It was “Opening Night at the Boar’s Nest” thirty-four years ago when The Dukes of Hazzard aired its final episode on Friday, February 8, 1985. Co-written and directed by series star John Schneider – aka Bo Duke -, the episode finds Sheriff Rosco P. Coltrane (James Best) making his “little fat buddy” Jefferson Davis “J.D. Hogg (Sorrell Booke) the greatest disappearing act in the history of Hazzard. Five years ago on this day in 1980, the Dukes were on the road to “Find Loretta Lynn” when the country superstar was kidnapped by a wacky trio.
Created by Gy Waldron of Moonrunners, Dukes was a car-jumping, car-crashing smash hit that followed the (mis)adventures of cousins Bo and Luke Duke (Tom Wopat), two good ‘ole boys who never mean no harm. With the aid of wise old Uncle Jesse (Denver Pyle), sexy cousin Daisy (Catherine Bach), and their mechanic friend “Crazy Cooter” Davenport (Ben Jones), this pair of “One-Armed Bandits” fights the system against Boss Hogg and Sheriff Rosco as a two modern-day Robin Hood with their car known as “The General Lee”. Boss Hogg may wear the white suit, but it is the Dukes who are indeed the white hats for right, might and just.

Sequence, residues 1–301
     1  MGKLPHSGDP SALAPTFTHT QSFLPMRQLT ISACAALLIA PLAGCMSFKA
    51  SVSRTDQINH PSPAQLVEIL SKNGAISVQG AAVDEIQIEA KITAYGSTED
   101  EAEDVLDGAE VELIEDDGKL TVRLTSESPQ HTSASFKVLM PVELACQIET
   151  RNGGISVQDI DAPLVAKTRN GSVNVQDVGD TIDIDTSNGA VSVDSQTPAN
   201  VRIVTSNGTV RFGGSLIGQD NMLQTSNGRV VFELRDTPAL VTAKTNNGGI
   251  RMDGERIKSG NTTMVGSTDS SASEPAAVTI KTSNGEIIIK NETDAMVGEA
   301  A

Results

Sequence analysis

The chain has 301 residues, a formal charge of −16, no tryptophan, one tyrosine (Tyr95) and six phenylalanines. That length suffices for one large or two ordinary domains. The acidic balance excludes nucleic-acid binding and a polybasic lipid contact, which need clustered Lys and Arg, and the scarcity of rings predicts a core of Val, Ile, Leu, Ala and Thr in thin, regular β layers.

Part-action comedy and part-Western, Dukes lasted seven successful seasons on CBS – including the fifth season with “The New Dukes” named Coy (Byron Cherry) and Vance (Christopher Mayer), who were a complete carbon copy of Bo and Luke, who left Hazzard to fulfilled their dreams of being NASCAR drivers. But like fans prefer Clayton Moore as The Lone Ranger than John Hart, fans couldn’t accept Coy and Vance, so after almost a season of negotiations, Wopat and Schneider returned to Hazzard as Bo and Luke in the spring of 1983, and Coy and Vance were gone. In other words? The General Lee wasn’t the real star of the show.
The Dukes of Hazzard drove the way for Knight Rider, The A-Team and Hardcastle & McCormick. The show also influenced TNT’s Leverage (2008-2012), the crime comedy-drama caper about a team of modern-day Robin Hoods living by the 3Rs – revenge, restitution, retribution – for one reason: bad guys makes the best good guys against the Boss Hoggs of the world. To illustrate: S1’s “The Bank Shot Job” and S3’s “The Studio Job” – the latter that guest-starred Schneider as a corrupt country music executive.
After forty years, The Dukes of Hazzardremains a good ‘ole time thanks to a couple of good ‘ole boys named Bo and Luke Duke, fighting the system like a two modern-day Robin Hood.